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Backing Up and Restoring Using the cpio Command in Linux and Unix

Post date: May 26, 2006, 18:05 Category: System Views: 2702 Comments
Tutorial quote: The cpio command is one of the most commonly used Linux back up tools.

The cpio command has two unusual features

Unlike tar , in which the files to back up are typed in as part of the command, cpio reads the files to work with from the standard input (in other words, the screen).

This feature means that cpio must be used as part of a multiple command or with a redirection pipe. Examples of this usage are shown in the tables below.

cpio must always be used with one of three flags. Flags are options that set the mode in which the command runs. Only one flag can be used at a time, and it must come before any other options. In addition, the choice of flags limits the options that can be used. Each flag also has a gnu option that can used in its place. The gnu option gives a convenient name for each flag: extract, create, and pass- through.

Controlling your locale with environment variables

Post date: May 2, 2006, 12:05 Category: System Views: 2742 Comments
Tutorial quote: People all over the world use Linux in dozens of languages. Since Linux's source code is free and open, speakers of minority languages can add support for their languages themselves, even though a large corporation might not consider them a worthwhile market. If you use more than one language, or a language other than English, you should know about Linux's use of locales to support different languages. Indeed, understanding locales can be useful even if you only use English.

Running .Net applications on Linux with Mono

Post date: April 26, 2006, 13:04 Category: Software Views: 2598 Comments
Tutorial quote: Imagine the fate of your company rests on your completing your new Linux project on time. You have a crack team of first-class developers, but they're all .Net programmers. What are you going to do? Admit that Windows is better that Linux? Cry? Resign? No, you're going to install Mono and save the world!

How to configure a low-cost load-balanced LAMP cluster

Post date: April 25, 2006, 11:04 Category: Network Views: 5964 Comments
Tutorial quote: The ubiquitous Linux, Apache, MySQL, and PHP/Perl/Python (LAMP) combination powers many interactive Web sites and projects. It's not at all unusual for demand to exceed the capacity of a single LAMP-powered server over time. You can take load off by moving your database to a second server, but when demand exceeds a two-server solution, it's time to think cluster.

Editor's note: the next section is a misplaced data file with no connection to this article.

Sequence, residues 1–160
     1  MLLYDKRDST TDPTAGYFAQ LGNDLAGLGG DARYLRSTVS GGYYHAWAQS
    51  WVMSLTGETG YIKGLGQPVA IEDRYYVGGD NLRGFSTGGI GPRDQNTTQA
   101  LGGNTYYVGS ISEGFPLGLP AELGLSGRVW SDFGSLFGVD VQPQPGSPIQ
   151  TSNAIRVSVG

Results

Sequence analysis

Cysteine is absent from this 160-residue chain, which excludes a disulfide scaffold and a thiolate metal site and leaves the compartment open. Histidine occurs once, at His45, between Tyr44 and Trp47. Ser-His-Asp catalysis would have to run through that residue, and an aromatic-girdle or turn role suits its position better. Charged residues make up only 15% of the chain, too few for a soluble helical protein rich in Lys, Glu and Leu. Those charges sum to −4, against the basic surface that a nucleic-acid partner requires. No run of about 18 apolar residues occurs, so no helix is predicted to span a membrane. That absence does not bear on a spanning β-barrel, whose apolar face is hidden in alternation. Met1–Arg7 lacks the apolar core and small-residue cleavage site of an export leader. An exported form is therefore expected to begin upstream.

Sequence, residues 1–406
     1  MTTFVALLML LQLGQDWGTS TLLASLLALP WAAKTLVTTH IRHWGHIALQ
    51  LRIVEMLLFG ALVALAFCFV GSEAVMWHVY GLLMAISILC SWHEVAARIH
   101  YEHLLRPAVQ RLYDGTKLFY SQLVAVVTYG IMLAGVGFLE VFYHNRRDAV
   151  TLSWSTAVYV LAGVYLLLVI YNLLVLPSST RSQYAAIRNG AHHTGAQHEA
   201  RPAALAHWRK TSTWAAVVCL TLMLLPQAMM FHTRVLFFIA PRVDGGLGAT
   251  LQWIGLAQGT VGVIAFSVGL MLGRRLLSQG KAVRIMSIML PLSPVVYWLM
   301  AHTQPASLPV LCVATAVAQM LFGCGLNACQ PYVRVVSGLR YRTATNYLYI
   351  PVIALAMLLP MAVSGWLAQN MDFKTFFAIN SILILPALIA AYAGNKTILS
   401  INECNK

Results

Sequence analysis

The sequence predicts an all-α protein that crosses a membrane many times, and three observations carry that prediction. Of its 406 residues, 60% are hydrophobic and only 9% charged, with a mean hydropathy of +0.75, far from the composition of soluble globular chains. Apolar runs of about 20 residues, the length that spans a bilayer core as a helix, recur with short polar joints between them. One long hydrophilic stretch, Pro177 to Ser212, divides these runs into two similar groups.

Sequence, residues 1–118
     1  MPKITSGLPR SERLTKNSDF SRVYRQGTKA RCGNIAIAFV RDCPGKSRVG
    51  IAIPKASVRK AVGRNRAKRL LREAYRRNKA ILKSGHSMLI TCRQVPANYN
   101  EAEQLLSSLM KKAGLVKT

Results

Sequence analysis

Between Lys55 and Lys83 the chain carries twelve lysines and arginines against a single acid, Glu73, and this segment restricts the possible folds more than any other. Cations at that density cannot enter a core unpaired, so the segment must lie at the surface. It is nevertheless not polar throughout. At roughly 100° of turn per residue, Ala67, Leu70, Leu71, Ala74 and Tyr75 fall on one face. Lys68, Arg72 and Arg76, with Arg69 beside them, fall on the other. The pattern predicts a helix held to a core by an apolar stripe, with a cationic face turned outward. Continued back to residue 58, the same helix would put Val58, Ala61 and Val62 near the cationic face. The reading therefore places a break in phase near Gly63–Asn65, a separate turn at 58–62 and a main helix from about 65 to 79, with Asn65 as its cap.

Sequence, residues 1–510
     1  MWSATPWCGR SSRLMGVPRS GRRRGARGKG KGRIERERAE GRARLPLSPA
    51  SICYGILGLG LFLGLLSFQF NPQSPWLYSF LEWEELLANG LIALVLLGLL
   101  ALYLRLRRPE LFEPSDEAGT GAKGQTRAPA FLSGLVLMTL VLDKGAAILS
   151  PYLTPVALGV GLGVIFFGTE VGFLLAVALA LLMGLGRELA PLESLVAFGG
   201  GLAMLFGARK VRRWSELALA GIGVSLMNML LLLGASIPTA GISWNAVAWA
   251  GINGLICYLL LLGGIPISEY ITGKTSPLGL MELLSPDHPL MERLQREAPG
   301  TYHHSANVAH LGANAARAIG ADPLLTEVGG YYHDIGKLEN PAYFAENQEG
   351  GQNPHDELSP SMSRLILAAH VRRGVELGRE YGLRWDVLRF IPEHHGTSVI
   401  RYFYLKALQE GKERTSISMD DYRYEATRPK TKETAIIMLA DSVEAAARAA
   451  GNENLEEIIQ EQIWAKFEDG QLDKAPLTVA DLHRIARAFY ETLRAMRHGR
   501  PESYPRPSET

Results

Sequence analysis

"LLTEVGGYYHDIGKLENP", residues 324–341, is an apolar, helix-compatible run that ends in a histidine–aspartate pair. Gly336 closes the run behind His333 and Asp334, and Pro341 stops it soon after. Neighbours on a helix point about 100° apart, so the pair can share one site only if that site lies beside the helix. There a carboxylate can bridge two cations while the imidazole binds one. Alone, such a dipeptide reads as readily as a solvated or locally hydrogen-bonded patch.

Scheduling Backup Jobs using at and crontab

Post date: April 21, 2006, 16:04 Category: Installing Views: 2170 Comments
Tutorial quote: You can schedule a command or a script using two tools

crontab : Schedules tasks once or repeatedly.

You can use the crontab command to run commands at regular times. For example, you could schedule a backup of your files every Friday. Commands can be scheduled to the minute.

at : Schedules tasks once.

You can use the at command to schedule a command or script to run a single time. The command includes several utilities

Howto install the base Linux system onto a USB thumbdrive with the root partition encrypted

Post date: April 20, 2006, 12:04 Category: System Views: 2769 Comments
Tutorial quote: This howto will explain how to install a very basesystem onto a USB thumbdrive with the root partition encrypted. It includes support for cryptsetup-luks, and udev.

Taking backup using tar command in linux and unix

Post date: April 18, 2006, 15:04 Category: Installing Views: 2206 Comments
Tutorial quote: The tar backup program is an archiving program designed to store and extract files from an archive file known as a tarfile. A tarfile may be made on a tape drive; however, it is also common to write a tarfile to a normal file.

HOWTO: Hosting a Subversion Repository

Post date: April 17, 2006, 17:04 Category: Software Views: 7137 Comments
Tutorial quote: This document explains in details the procedure to setup a subversion repository (with trac/viewvc) in Linux based environment. Depending on the needs, one of the following three schemes can be selected.

Building a Linux supercomputer using SSH and PVM

Post date: April 11, 2006, 21:04 Category: Network Views: 3147 Comments
Tutorial quote: If you have a couple of old Linux boxes sitting around, then you've got the makings of a supercomputer. Dust them off, install Secure Shell (SSH) and Parallel Virtual Machine (PVM), and start your complex algorithms.

Removing A User

Post date: April 8, 2006, 00:04 Category: System Views: 3933 Comments
Tutorial quote: Employee turnover in most organizations runs high. So unless you run a small shop with a stable user base, you need to learn how to clean up after an employee leaves. Too many so-called system administrators do not understand the stakes involved when they manage users. Disgruntled former employees can often cause significant trouble for a company by gaining access to the network.

To remove a user, you need to learn to manage all of his or her files, mailboxes, mail aliases, print jobs, recurring –(automatic) personal processes such as the backing up of data or remote syncing of directories, and other references to the user. It is a good idea at first to disable the account in /etc/passwd, after which you can search for the user's files and other references. Once all traces of the user have been cleaned up, you can remove the user completely—but if you remove the entry from /etc/passwd while these other references exist, you have a harder time referring to them .

When you remove a user, it's a good idea to follow a pre-determined course of action so you don't forget any important steps; it may even be a good idea to make a checklist so that you have a routine. Following, you will find several items requiring attention.
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